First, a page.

The Constitutional Court of Uganda opened arguments on Wednesday on a challenge to the controversial Anti-Homosexuality Act brought by a group of human rights activists, legal scholars, opposition politicians, and LGBT people.
The first day of hearings focused on the question of whether the law, which punishes homosexuality with up to a lifetime sentence and criminalizes promotion of LGBT rights, was adopted unlawfully because there was no quorum present when Speaker Rebecca Kadaga called for a vote on December 20, 2013.
"This is a fundamental provision, my lords, intended to protect the integrity of parliament," attorney Nicholas Opiyo told the judges in presenting the case. "This procedure, my lords, was ignored by the honorable speaker of the House."
The court adjourned at around 1:00 p.m. and scheduled hearings to resume on Thursday morning at 9:30 a.m., which could be the final hearing. Opiyo told BuzzFeed that he got the impression the court intends to decide on this procedural challenge before hearing arguments on whether the law, which was enacted in February, violates fundamental rights protected by the constitution. If the court agrees that Parliament broke procedural rules, Opiyo said, "it appears ... it will dispose of the entire case," and "it looks likely" that it will decide that during the Thursday session.
If the court rules against the government, it would not be the first time that the Ugandan Constitutional Court has ruled in favor of LGBT rights. Trans activist Victor Mukasa successfully sued Uganda's attorney general in 2006 for raiding his house while he was head of Sexual Minorities Uganda. Inspired by Mukasa's victory, activist David Kato sued the now-defunct Ugandan tabloid Rolling Stone over a series of articles outing LGBT people. Weeks after winning the case in 2011, Kato was bludgeoned to death.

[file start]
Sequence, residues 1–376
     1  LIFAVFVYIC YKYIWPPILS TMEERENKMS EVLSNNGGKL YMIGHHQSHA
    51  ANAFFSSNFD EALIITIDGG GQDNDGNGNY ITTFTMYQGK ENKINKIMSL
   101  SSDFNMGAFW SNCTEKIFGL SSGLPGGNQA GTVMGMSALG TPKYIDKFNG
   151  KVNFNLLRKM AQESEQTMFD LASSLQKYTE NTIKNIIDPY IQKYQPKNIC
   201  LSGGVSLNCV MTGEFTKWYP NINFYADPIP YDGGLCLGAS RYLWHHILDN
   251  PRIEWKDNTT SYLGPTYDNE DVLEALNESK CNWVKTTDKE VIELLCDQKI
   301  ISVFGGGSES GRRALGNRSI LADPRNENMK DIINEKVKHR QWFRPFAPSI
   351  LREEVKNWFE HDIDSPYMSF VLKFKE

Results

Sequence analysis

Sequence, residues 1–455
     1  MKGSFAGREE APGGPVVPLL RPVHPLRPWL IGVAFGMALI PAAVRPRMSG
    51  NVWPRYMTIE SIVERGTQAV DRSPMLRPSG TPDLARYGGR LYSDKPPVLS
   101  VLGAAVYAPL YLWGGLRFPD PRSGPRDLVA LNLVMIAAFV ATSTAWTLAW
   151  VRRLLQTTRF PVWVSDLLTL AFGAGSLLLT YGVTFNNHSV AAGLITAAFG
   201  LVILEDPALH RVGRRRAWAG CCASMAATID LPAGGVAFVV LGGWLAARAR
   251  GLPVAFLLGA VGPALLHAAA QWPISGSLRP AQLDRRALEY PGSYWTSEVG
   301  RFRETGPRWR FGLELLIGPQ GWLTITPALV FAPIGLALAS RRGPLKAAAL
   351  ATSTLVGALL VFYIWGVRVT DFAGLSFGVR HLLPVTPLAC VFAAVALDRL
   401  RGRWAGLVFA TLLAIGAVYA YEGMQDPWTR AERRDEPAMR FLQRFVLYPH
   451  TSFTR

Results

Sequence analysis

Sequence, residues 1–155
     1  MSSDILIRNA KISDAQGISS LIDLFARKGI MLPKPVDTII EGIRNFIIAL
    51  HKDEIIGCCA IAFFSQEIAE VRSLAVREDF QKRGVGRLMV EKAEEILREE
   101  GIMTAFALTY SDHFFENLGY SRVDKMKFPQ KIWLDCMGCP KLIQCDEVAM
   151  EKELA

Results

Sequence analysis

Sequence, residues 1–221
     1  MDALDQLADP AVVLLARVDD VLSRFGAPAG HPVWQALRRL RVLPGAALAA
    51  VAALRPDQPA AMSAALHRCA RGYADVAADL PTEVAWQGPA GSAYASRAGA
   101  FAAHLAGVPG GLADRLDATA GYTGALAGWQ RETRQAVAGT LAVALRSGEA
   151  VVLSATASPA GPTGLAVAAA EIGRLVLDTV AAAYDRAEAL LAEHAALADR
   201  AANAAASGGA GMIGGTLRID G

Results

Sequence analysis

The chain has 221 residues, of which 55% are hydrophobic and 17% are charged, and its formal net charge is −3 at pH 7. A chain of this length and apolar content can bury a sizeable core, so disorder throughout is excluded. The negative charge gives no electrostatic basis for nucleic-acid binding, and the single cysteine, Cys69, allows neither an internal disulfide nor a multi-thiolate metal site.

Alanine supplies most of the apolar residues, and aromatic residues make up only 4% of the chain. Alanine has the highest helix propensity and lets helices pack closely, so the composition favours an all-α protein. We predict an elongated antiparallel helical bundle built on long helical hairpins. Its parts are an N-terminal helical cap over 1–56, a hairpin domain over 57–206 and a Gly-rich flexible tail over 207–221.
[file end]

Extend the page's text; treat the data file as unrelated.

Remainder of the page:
The hearing was presided over by Justice Sam Kavuma, with an audience that included leading anti-LGBT activist Pastor Martin Ssempa and Frank Mugisha of Sexual Minorities Uganda. Before beginning arguments on the quorum question, much of the day was taken up by an unsuccessful attempt by the attorney defending the law to delay the hearing, claiming they had not had adequate time to prepare. The Constitutional Court had set the hearing date for September, before unexpectedly announcing last week that arguments would begin on Wednesday. The court rejected the government's motion, saying the government had not filed a petition to have the hearing delayed.
Mujuni Raymond contributed to this report from Kampala.